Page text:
In Grand Junction, Colorado, Caprock Academy student Kamryn Renfro was banned from attending her school after shaving her head in support of a friend undergoing chemotherapy to treat neuroblastoma, a rare type of cancer. Academy administrators told Renfro’s family that they would not permit the little girl to return to class after spring break because her shaved head violated a school dress code requiring that female students’ hair to be “neatly combed or styled. No shaved heads.”
This is obviously the kind of anomalous situation that calls for, indeed screams out for, a compassionate exception. Any school administrator who couldn’t see that is not just unqualified for his or her post, but not sufficiently intelligent or rational to be trusted with the welfare of children, or, I would say, to take tolls in the Lincoln Tunnel. If there really were a competition to see which enforcement of a “no-tolerance policy” would stand as the most outrageous of all time, I would suspect that this would be an entree. (It still wouldn’t win, though.)
As with many of these astounding examples of human cruelty and incompetence at work, this incident doesn’t even serve the school’s own interests. Terrible publicity is assured: anger from parents, cancer support groups, and the community is guaranteed, as is abuse and mockery from the national media and blogosphere. How can supposedly educated and responsible professionals be so foolish? How can people so foolish be involved in a field that would seem to require better quality of thought, like education?
It is a continuing mystery, but many of these fiascos could be avoided if the Ethics Incompleteness Principle were studied, learned and understood by anyone who may have to enforce a rule some day. I’ll republish the whole description from the Ethics Alarms glossary, just in case any aspiring school administrators are reading, especially those who might want to torture young children some day:
The Ethics Incompleteness Principle: Czech-born mathematician Kurt Gödel’s two Incompleteness Theorems, which relate to mathematical proofs, are the inspiration for this observation that applies to normative rules, systems, moral codes, laws and other principles. The human language is not sufficiently precise to define a rule that will achieve its desired effects, that is work, in every instance. There are always anomalies around the periphery of every normative system, no matter how sound or well articulated. If one responds to an anomaly by trying to amend the rule or system to accommodate it, the integrity of the rule or system is disturbed, and perhaps ruined. Yet if one stubbornly applies the rule or system without amendment to the anomaly anyway, one may reach an absurd conclusion or an unjust result. The Ethics Incompleteness Principle suggests that when a system or rule doesn’t seem to work well when applied to an unexpected or unusual situation, the wise response is to temporarily abandon the system or rule and return to basic principles to find the solution. No system or rule is going to work equally well with every possible scenario, which is why committing to a single system is folly, and why it is important to keep basic ethical values in mind in case a pre-determined formula for determining what is right breaks down.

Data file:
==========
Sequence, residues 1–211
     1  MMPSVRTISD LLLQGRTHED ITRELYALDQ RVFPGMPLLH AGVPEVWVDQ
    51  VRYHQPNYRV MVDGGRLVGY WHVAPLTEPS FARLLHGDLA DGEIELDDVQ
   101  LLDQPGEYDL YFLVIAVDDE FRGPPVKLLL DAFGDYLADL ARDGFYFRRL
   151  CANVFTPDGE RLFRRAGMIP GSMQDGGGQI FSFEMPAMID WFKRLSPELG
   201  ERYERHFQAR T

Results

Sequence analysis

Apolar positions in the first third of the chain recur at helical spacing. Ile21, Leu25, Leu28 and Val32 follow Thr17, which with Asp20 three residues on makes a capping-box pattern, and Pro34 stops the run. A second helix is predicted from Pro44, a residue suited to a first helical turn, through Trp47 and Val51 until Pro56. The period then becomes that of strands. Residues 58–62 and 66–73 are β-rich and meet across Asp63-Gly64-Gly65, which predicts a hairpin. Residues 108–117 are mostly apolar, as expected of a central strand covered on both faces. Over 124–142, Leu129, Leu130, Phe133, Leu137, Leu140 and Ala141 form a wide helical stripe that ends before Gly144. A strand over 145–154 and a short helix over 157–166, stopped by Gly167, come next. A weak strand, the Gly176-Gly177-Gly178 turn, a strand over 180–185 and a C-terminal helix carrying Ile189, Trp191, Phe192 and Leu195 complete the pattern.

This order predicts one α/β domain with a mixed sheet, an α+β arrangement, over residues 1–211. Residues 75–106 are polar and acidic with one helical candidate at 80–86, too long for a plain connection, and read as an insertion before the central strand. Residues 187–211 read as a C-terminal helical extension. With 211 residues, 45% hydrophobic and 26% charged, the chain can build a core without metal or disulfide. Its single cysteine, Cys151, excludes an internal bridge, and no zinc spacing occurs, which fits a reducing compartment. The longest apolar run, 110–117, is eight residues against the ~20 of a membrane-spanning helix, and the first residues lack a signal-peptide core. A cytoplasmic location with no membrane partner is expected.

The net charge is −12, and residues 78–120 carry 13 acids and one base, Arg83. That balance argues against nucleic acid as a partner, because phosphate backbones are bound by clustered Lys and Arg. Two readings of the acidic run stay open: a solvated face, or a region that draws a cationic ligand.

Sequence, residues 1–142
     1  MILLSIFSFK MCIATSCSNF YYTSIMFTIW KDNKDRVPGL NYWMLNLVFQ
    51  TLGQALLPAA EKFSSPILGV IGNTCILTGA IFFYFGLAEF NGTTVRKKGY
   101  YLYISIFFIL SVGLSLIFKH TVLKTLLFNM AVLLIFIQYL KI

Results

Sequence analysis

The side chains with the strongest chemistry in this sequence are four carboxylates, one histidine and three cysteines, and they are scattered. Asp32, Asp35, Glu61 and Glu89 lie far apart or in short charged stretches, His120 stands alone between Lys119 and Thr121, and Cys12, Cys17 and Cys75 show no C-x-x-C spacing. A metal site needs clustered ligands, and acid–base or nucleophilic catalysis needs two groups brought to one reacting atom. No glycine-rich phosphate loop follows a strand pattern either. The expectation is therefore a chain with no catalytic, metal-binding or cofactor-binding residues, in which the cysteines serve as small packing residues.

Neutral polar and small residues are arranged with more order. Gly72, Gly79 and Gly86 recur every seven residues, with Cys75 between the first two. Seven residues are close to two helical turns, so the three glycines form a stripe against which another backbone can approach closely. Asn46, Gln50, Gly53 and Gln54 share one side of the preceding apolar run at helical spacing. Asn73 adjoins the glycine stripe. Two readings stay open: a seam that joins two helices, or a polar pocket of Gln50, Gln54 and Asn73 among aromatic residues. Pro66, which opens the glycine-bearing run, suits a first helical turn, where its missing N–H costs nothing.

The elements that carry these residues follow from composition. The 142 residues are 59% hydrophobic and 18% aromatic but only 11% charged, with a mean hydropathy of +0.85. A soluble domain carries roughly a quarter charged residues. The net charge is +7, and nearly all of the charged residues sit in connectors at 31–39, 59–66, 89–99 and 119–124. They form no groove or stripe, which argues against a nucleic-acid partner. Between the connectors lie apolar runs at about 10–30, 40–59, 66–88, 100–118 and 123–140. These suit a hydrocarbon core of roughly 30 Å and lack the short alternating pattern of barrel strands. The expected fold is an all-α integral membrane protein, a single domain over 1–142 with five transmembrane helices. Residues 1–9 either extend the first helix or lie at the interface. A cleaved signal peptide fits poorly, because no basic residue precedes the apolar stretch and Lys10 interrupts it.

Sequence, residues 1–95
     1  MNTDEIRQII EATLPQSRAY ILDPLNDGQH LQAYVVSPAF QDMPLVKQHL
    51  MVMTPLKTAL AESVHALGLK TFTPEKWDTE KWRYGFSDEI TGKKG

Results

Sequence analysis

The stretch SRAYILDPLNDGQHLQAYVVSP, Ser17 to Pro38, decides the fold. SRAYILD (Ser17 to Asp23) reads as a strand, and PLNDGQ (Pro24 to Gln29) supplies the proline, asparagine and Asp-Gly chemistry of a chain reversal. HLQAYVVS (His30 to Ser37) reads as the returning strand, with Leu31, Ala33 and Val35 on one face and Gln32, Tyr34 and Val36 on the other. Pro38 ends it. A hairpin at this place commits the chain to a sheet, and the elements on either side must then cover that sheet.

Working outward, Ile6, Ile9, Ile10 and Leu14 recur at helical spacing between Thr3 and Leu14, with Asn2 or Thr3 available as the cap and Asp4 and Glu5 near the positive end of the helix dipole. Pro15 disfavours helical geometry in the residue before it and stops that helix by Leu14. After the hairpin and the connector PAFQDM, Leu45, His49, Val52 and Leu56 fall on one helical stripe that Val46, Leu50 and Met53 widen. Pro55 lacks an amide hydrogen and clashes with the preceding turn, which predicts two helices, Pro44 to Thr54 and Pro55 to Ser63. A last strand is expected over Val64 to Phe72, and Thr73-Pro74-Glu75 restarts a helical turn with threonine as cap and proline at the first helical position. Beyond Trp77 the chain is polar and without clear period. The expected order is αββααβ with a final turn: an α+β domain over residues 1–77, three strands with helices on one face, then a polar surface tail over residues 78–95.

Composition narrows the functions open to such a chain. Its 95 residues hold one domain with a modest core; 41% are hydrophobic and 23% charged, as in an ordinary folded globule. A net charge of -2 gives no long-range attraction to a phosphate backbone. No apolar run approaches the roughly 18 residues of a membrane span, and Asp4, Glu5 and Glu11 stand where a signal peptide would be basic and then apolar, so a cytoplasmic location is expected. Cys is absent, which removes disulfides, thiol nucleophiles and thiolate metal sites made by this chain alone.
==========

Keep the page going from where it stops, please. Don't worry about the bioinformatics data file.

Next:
The EIP tells us that no rule is perfect, and since that is true, “no-tolerance” policies and strict enforcement of any measure, no matter how generally reasonable, are doomed to create ridiculous scenarios like publicly punishing a little girl for wanting to support a cancer-stricken friend. In this case, however, the Eithics Incompleteness Principle should not have been necessary. All that was required is some compassion, common sense and humanity by those on charge, and those qualities were lacking.
Facts: Raw Story
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